Unless supplanted by other state or local laws, the two-person per bedroom standard is considered a reasonable occupancy standard in most cases. Anything less than that may be suspect, according to Sadovsky, so your community should be prepared to answer a discrimination complaint with valid business reasons for restricting occupancy below that level.

Study the description of the exceptions listed in the Keating memo to determine whether any of the units in your community would be considered large enough to house more than the two-person/bedroom ratio. To avoid any misunderstandings about which units may house additional occupants, Sadovsky says that you should identify those units by floor plan or unit number, depending on the specifics of your community.

COACH'S TIP: When evaluating the reasonableness of your community's occupancy standards, you may find it helpful to refer to a guidance memo issued by the Washington State Human Rights Commission. Although not binding outside the state, the memo lists the factors that its investigators consider when reviewing a discrimination complaint based on occupancy standards. They include:

  • Whether the standard applies to the number of people or the number of children occupying a unit;

  • Any history of “adults only” rules, segregation, or prohibitions;

  • Whether families with children live in the community;

  • Whether there are rules (unrelated to safety) directed at children;

  • The business-related factors for the occupancy standard;

  • Any local zoning or building occupancy limits on a particular unit, complex, or community;

  • The size and configuration of the unit;

  • The size and configuration of the community;

  • Other structural or configuration elements;

  • The percentage of families with children in the local population;

  • The age and condition of the structure and its accompanying systems;

  • Whether parking is a consideration; and

  • Any other information that supports or refutes that the occupancy standard is being used to bar children from the community.

The guidance memorandum is available on the commission's Web site at

Rule #3: Train Staff on Occupancy Policy

To avoid fair housing trouble, it's essential that your staff understands your occupancy policy and how it relates to fair housing protections based on familial status.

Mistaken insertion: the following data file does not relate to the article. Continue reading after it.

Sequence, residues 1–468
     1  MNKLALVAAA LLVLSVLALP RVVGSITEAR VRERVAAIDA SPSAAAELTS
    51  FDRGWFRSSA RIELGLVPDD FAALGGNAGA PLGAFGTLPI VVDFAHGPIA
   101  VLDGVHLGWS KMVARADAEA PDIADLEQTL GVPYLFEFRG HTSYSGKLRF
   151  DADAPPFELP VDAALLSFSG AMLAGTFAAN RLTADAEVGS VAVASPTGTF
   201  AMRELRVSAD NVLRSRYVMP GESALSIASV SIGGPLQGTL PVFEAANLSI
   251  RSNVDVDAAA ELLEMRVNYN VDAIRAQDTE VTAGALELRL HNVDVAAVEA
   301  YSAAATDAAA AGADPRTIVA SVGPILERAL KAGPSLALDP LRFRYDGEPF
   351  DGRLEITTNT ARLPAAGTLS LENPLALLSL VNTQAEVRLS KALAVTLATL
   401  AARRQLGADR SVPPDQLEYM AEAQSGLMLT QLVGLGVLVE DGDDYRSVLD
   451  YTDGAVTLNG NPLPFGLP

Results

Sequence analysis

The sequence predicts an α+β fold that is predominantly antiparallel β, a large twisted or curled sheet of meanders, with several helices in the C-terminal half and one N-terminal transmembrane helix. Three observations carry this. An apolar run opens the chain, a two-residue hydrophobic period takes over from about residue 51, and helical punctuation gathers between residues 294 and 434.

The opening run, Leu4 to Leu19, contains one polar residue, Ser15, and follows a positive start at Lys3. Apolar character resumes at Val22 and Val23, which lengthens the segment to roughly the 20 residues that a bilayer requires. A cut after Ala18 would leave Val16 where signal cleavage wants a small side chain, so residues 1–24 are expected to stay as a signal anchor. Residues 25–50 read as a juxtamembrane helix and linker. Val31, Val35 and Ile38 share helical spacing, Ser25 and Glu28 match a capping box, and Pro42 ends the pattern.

Explain that the concept of familial status is much broader than traditional notions of what makes up a family, says Sadovsky. When she runs fair housing training sessions, she says that she is shocked at the number of people who either don't understand what familial status is or assume that it has something to do with marital status or kinship.

Sadovsky stresses that it's the presence of a child under 18—not kinship—that is the key to who is protected based on familial status. Make sure your staff understands that the law protects one or more people who are not yet 18 and live with a parent, legal guardian, or someone else who has permission to care for the child on a permanent or temporary basis. That means that an applicant is protected under fair housing law regardless of whether she is taking care of her grandchild or a friend's child—as long as she has written permission of the child's parent or guardian.

In addition, explain that the law protects pregnant women and others who are in the process of obtaining legal custody of someone under the age of 18. So an applicant who is in the process of adopting a child or becoming a foster parent would be covered under familial status protections.

During the application process, make sure your staff steers clear of any comments about the size of a prospect's family or the number of children the prospect has. And they should never ask any questions about pregnancy, even if an applicant is obviously pregnant. In conventional housing, a pregnant woman is considered one person, so you may not take her pregnancy into consideration when deciding what size unit she needs.

Rule #4: Explain Policy Early in the Process

Inform all prospects—not just families with children—about your occupancy standards. Telling only families with children about the occupancy standards will look as though you are treating prospects differently based on whether they have children.